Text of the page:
“Hold it!”, Indira’s voice sailed over, more a command than a request.
Amaka held the door open, smiling at her boss as she entered. She got a grimace in return.
The lift closed and began it’s fifty-floor descent.
The two women stood in silence. Amaka opened her mouth then hesitated. Should she say something or let the more senior woman give her the go-ahead? They used to have such a good relationship: warm, frank and easy. So many of her friends complained about having difficult female bosses, Amaka had always boasted about having a great mentor in Indira. That had all changed two weeks ago.
“Indira”, she turned. “I’m sorry I was forward in the meeting. Next time, I’ll talk less and listen more”.
For God’s sake,Amaka groaned, What does this woman want? Blood?
“And…I’m sorry about what you’re going through. With your husband. I want you to know that I’ve been discreet and you can trust me completely”, Amaka forced herself to look the woman in the face. “And if you ever need to-”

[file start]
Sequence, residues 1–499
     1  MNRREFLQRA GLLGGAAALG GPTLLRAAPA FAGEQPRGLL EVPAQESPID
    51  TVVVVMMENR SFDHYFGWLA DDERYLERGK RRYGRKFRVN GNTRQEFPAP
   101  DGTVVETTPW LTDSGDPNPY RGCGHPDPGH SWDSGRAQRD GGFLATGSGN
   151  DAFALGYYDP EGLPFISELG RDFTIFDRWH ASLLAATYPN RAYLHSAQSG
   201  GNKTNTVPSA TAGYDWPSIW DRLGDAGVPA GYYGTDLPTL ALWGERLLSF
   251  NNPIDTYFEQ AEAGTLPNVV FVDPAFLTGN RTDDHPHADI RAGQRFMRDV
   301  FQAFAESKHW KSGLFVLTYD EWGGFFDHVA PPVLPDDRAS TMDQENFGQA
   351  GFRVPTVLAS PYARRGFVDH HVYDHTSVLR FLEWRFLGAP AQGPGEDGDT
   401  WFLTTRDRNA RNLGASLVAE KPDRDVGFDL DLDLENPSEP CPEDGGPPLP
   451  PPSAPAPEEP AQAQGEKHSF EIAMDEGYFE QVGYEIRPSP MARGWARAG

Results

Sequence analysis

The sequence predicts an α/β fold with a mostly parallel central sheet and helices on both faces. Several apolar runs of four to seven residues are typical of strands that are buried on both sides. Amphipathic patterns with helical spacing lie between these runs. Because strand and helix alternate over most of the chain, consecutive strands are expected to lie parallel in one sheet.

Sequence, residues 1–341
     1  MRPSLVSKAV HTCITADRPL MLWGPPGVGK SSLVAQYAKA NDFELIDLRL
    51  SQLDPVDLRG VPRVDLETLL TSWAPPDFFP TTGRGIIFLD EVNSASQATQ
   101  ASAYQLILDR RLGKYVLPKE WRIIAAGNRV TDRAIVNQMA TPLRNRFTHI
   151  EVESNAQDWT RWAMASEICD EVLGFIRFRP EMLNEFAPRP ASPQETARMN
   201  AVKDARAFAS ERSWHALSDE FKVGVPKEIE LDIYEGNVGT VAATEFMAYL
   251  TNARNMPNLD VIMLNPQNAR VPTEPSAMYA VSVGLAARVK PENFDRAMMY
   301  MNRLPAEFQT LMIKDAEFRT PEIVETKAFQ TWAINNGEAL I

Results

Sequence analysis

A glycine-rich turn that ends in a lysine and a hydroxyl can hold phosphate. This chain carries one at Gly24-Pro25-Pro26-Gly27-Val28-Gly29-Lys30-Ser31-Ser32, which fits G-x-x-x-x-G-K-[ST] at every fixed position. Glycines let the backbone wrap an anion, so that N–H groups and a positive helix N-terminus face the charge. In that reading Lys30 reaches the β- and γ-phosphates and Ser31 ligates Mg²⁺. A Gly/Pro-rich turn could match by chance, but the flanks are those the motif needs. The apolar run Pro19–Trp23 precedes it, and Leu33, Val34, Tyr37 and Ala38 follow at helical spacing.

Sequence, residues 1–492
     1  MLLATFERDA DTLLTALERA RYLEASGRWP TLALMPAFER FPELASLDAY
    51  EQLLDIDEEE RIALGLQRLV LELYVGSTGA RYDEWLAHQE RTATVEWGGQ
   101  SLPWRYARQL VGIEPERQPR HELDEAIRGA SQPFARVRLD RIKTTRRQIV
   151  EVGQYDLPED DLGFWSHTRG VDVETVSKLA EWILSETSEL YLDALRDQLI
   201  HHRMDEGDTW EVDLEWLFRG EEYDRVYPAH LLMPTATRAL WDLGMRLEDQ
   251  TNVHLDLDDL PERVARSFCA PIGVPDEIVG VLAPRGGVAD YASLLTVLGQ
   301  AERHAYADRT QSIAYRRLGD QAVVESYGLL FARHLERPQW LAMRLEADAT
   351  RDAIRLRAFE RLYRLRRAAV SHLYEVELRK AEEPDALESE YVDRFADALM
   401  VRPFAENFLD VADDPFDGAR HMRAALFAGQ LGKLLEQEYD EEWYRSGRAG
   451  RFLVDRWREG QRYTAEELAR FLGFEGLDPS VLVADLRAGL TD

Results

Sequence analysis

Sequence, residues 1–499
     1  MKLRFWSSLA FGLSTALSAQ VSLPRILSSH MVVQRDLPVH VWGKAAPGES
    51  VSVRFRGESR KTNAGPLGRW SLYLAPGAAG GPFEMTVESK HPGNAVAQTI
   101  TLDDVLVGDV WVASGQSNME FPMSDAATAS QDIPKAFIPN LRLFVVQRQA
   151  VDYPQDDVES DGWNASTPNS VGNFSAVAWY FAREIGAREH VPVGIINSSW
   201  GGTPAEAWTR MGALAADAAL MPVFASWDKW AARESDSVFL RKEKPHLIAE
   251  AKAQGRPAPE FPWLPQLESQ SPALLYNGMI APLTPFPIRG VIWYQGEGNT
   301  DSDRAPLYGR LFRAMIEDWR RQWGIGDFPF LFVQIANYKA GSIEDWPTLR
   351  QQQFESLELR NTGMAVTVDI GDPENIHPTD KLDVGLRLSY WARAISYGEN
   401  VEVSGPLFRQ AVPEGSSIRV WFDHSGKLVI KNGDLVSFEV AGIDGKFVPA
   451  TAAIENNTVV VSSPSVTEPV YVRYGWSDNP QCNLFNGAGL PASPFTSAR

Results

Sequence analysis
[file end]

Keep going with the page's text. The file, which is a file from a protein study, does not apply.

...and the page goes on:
The lift doors opened.
“Have a good weekend”, Indira strode out.
Amaka touched her security card on the metal gate, wishing she could disappear into the glass floor. She took small steps, widening the gap between them.
What were you supposed to do when your boss gets drunk and blurts out that her husband is sleeping with their helper…?
Thankfully, it was past rush hour so there was a taxi waiting outside. Amaka stepped out into the warm night, breathing with relief as she watched Indira drive off.
Please Father, let this weekend go slow.
A blue taxi pulled up and Amaka braced herself for the sub-zero conditions.